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Languages

Studying a language gives you the chance to explore a diverse range of topics. From the musical styles to the finest foods; from the geographical features to the political structure; from the influence of social media to immigration-related unrest. In this subject your mind will be stretched – not just linguistically but in terms of the way you perceive another culture, identity and heritage. Many of our post-16 language students go on to spend time in the country whose language they are learning, not just to develop language skills but to experience the vibrancy of the country and live a different experience to their own at home through the medium of a different language.

Some students take part in organised work experience placements, others visit the country as tourists and some enjoy its culture and language through the virtual world. In studying a literary work and a film, students’ analytical skills are further developed, whether this is debating key themes in a novel or analysing a director’s camera angles in a film. For those studying Media or English Literature post-16 you will find there is a lot of overlapping content in these sections and skills beneficial to both courses.

Qualification

A level French or Spanish

Awarding body AQA

Entry requirements

GCSE at Grade 5 or above in both Maths and English. A grade 6 or above in French or Spanish at GCSE.

Year 12

French and Spanish A level is split into several topics. Grammar, vocabulary and the skills of listening, reading, writing and speaking run through all the themes.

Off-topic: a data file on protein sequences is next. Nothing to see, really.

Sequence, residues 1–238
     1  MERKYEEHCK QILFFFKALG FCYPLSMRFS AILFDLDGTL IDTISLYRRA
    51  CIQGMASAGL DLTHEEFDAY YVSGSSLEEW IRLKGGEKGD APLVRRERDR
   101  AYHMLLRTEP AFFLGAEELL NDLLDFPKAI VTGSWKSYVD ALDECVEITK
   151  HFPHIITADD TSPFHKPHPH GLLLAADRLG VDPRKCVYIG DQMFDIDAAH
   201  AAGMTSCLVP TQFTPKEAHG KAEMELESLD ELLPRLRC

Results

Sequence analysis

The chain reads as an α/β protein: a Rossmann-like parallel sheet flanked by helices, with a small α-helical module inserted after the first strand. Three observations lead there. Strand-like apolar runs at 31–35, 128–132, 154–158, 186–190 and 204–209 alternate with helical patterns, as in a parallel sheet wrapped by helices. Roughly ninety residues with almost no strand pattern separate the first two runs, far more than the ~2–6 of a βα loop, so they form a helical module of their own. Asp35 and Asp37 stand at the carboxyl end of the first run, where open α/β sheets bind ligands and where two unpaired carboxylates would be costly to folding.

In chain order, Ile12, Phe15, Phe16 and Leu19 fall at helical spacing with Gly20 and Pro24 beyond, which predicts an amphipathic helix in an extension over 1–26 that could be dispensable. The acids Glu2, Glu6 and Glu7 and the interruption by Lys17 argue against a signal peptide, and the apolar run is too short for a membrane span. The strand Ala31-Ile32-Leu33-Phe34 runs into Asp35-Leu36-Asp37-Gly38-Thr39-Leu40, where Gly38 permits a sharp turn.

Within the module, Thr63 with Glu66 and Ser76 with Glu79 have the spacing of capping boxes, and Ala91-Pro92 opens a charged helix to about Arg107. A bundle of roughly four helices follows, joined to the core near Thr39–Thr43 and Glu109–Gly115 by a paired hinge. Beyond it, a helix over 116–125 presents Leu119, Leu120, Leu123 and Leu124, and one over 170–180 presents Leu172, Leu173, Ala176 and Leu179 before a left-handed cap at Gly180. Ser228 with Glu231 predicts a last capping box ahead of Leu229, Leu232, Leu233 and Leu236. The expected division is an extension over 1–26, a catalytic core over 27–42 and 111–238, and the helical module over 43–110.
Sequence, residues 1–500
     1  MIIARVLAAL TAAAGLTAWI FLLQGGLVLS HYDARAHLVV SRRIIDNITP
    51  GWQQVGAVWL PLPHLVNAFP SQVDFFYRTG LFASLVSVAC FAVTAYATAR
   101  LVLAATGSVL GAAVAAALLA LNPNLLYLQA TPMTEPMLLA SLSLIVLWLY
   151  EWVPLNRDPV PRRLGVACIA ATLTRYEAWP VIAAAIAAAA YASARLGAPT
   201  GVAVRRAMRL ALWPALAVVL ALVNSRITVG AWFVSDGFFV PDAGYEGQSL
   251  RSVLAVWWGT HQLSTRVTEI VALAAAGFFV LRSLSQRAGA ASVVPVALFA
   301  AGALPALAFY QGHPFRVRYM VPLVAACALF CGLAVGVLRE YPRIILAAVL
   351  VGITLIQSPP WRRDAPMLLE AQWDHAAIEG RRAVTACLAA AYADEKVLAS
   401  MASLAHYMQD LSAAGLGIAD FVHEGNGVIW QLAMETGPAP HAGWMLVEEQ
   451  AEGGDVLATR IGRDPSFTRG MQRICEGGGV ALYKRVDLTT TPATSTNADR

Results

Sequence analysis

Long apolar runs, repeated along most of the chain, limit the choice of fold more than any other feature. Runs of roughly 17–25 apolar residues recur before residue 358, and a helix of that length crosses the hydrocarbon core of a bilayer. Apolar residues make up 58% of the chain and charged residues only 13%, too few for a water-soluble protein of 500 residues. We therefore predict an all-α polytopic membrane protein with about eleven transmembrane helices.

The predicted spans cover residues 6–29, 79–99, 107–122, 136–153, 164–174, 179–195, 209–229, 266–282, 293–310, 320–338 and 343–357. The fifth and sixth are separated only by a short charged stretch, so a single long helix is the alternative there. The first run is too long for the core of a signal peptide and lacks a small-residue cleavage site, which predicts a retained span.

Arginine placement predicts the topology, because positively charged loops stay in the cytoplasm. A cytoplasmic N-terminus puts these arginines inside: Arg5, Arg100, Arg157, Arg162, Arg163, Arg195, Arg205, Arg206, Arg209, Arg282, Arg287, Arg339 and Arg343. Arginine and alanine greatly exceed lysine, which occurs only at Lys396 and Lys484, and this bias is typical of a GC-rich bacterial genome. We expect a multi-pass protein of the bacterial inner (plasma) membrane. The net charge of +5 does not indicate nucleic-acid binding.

Aspects of French/Spanish speaking society – traditional and modern values, the family model, attitudes to marriage and divorce, the influence of religion

Cyberspace – the influence of the internet, mobile phones in society, social media

Equality – women and the world of work, the rights of gay and transgender people

Artistic culture – music, television, cinema, fashion

Heritage – understanding the civilisations which contributed to the current heritage of France/Spain; art and architecture

Year 13

Diversity in society – multiculturalism; diversity, tolerance and respect; people who are marginalised in society and how they can be supported;

Criminality – attitudes to criminality; prison – does it work?

Aspects of political life – the right to vote, engaging young people in politics

Workers’ rights – the role of unions, immigration and the world of work

Assessment

There are three examinations at the end of year 13

  1. Paper 1. The written paper covering listening, reading and translation
  2. Paper 2. Writing about one literary work and one film studied in French/Spanish
  3. Paper 3. Speaking exam. A discussion task (based on an A Level topic from year 12 or year 13) and a presentation and discussion of a research project undertaken by the student.
Studying a language to A level has given me not only the ability to speak the language but the confidence to use it. I’ve developed really useful memory and communication skills and it’s a brilliant way to learn about the culture.
Emma Gray, Year 13 student

Why study languages?

The ability to excel in a different language is of particular interest to those wanting to work in translation, travel, teaching, broadcasting, journalism or any career in which the quality of communication is extremely important. The overlap in terms of course content with other A Level subjects is striking – the content links well to English Language, English Literature, History, Government & Politics, Law, Art, Music, Sociology and Media. Studying a language post-16 evidences your academic skills and commitment, your ability to acquire and develop a skill through regular practice and your fascination with different languages and cultures. An A Level language is an asset to an application for any degree level course.